YEAR A: HOMILY FOR THE 2ND SUNDAY OF ADVENT.
THEME: ULTIMATE ANSWERS.
BY: Fr Andrew Ekpenyong.
1. Blowin’ in the Wind. When the 2016 Nobel Prize in Literature was awarded to the American singer-songwriter Bob Dylan, “for having created new poetic expressions within the great American song tradition”, some people thought this was strange. But considering the important questions of meaning of human existence, the so-called ultimate questions, which Bob Dylan put into popular songs, it is hard not to see him as a voice of reason within the entertainment industry. Dylan’s “Blowing in the Wind” comes to mind, in view of today’s Scripture readings. Catholics and other Christians adopted the song with slight adaptations. At the 23rd World Eucharistic Congress in Bologna, Italy, on Sept. 27, 1997, Bob Dylan performed three other songs: “Knockin’ on Heaven’s Door”, his anti-war classic “A Hard Rain’s A-Gonna Fall,” and “Forever Young”. Pope St John Paull II, who was present, made an emotive speech to a rousing reception following the performance, captivating the 300,000 young Christians in attendance. The Pope’s remarks were drawn from the lines of “Blowin’ in the Wind” which I now briefly sing so you may see connections with today’s Scripture readings. “How many roads must a man walk down; Before you call him a man? And how many years can some people exist: Before they’re allowed to be free? Yes, and how many times can a man turn his head; And pretend that he just doesn’t see? And how many ears must one man have; Before he can hear people cry? Yes, and how many deaths will it take ’til he knows; That too many people have died? The answer, my friend, is blowin’ in the wind. The answer is blowin’ in the wind.”
RELATED: YEAR A: HOMILY FOR THE 2ND SUNDAY OF ADVENT.
2. The Spirit of the Lord. Pope St John Paul II, facing Dylan and the huge crowd said: “You say the answer is blowing in the wind. It is true! But not in the wind which blows everything away in empty whirls, but the wind which is the breath and voice of the Spirit, a voice that calls and says: ‘come!’ You asked me: How many roads must a man walk down before you call him a man? I answer you: one! There is only one road for man and it is Christ, who said: “I am the way” (Jn 14:6). He is the road of truth, the way of life.”
Sisters and brothers, today’s Scripture readings provide answers to ultimate questions, not verbal answers, but God’s solution in the power of the Holy Spirit. It is the wind of the Spirit that not only led Christ to us, but also leads us to Christ. In the 1st reading (Is 11:1-10), the promise is made that the Spirit will rest upon the Messiah, along with His gifts of wisdom, understanding, counsel, fortitude, knowledge and the fear of God. The responsorial Psalm (Ps 72:) echoes the fruits of redemption by the Messiah: “Justice shall flourish in his time, and fullness of peace forever”. The 2nd reading (Rom 15:4-9) reminds us that the Messiah Israel awaited is the Savior of the world: of Jews and Gentiles alike. But God’s ultimate answer, God’s solution, is not forced on anyone. The Gospel reading (Mt 3:1-12) is an appeal to us to respond by repentance.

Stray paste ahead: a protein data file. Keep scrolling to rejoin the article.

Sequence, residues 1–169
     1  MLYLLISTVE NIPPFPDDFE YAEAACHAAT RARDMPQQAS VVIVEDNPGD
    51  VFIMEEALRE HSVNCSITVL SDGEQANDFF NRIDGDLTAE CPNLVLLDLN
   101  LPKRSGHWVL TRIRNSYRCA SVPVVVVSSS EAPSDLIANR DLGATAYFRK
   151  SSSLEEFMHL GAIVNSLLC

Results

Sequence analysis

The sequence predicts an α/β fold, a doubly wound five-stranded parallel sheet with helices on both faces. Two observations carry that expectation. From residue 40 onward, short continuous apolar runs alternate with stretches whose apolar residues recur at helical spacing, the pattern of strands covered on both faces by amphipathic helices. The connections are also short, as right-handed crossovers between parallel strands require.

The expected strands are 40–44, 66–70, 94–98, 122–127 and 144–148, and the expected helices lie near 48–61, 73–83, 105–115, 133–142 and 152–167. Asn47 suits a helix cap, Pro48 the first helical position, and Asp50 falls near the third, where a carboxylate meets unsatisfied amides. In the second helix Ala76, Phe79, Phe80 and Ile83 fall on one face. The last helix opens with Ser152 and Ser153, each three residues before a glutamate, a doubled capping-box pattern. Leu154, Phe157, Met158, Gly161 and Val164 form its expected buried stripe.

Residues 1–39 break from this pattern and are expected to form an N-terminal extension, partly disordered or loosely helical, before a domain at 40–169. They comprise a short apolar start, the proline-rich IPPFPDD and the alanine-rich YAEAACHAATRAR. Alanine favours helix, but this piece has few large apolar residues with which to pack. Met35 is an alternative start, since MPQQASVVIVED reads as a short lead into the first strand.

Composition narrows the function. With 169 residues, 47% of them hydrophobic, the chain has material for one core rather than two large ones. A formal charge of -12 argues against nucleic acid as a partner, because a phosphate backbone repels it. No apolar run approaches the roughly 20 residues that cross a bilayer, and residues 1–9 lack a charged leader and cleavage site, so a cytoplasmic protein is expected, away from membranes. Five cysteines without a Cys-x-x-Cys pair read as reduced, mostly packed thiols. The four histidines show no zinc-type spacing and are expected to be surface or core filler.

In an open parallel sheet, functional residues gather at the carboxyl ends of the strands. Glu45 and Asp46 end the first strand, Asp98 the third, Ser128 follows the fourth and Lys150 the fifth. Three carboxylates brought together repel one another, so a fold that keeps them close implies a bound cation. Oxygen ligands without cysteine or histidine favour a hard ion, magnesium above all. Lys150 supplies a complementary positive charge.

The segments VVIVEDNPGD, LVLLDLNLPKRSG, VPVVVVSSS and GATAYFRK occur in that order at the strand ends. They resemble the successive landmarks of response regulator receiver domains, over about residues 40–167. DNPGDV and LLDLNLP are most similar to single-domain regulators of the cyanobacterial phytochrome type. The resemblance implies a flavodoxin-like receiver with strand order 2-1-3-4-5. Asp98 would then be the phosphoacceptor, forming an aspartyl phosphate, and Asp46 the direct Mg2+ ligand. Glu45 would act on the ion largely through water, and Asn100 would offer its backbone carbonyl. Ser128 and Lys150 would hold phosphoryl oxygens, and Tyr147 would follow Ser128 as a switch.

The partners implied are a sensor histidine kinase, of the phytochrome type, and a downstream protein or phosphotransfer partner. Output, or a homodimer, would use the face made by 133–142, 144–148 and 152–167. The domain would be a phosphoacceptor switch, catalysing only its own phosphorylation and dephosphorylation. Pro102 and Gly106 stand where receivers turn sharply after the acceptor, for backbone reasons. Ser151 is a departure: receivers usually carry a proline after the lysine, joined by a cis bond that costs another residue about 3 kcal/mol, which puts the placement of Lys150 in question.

3. Repentance. Yes, John the Baptist proclaimed in the desert of Judea and the voice of God in our consciences, the Holy Spirit, continues to proclaim in the desert of our hearts: “Repent, for the kingdom of heaven is at hand!” “Produce good fruit as evidence of your repentance”. Fortunately, brothers and sisters, there is evidence of your repentance, your presence at this Mass. The Spirit is already at work in you, bringing you to worship God. So how can good people such as yourself, repent? Well, here is an excellent example for you and me. Job was a righteous man (Job 1:1,8, 2:3). Scripture describes him: “In the land of Uz there was a blameless and upright man named Job, who feared God and avoided evil.” Wow. Even during his suffering he did not “sin” but wanted to know why he was suffering unjustly (Job 10). Job sought to confront God to defend his own righteousness (Job 13:3, 23:3-4). God rather confronted Job. Job then acknowledged he had wrong ideas and spoke rashly. Job changed his mind saying: “…therefore I despise myself and repent in dust and ashes.” Job 42:6. When good people repent, they cease to defend themselves against God. They abandon personal convictions and expectations that are in opposition to God’s will. Good people who repent become aware of the limits of human laws and leave final judgement to God. Good people who repent stop turning their heads away from the miseries of others. Good people who repent have clearer vision, better hearing: they see injustice and hear the cries of others more than ever, and therefore produce more fruits of repentance through greater charity, through sacrificial love of God and neighbor. The day all good people fully repent is the day justice and peace will flourish forever.
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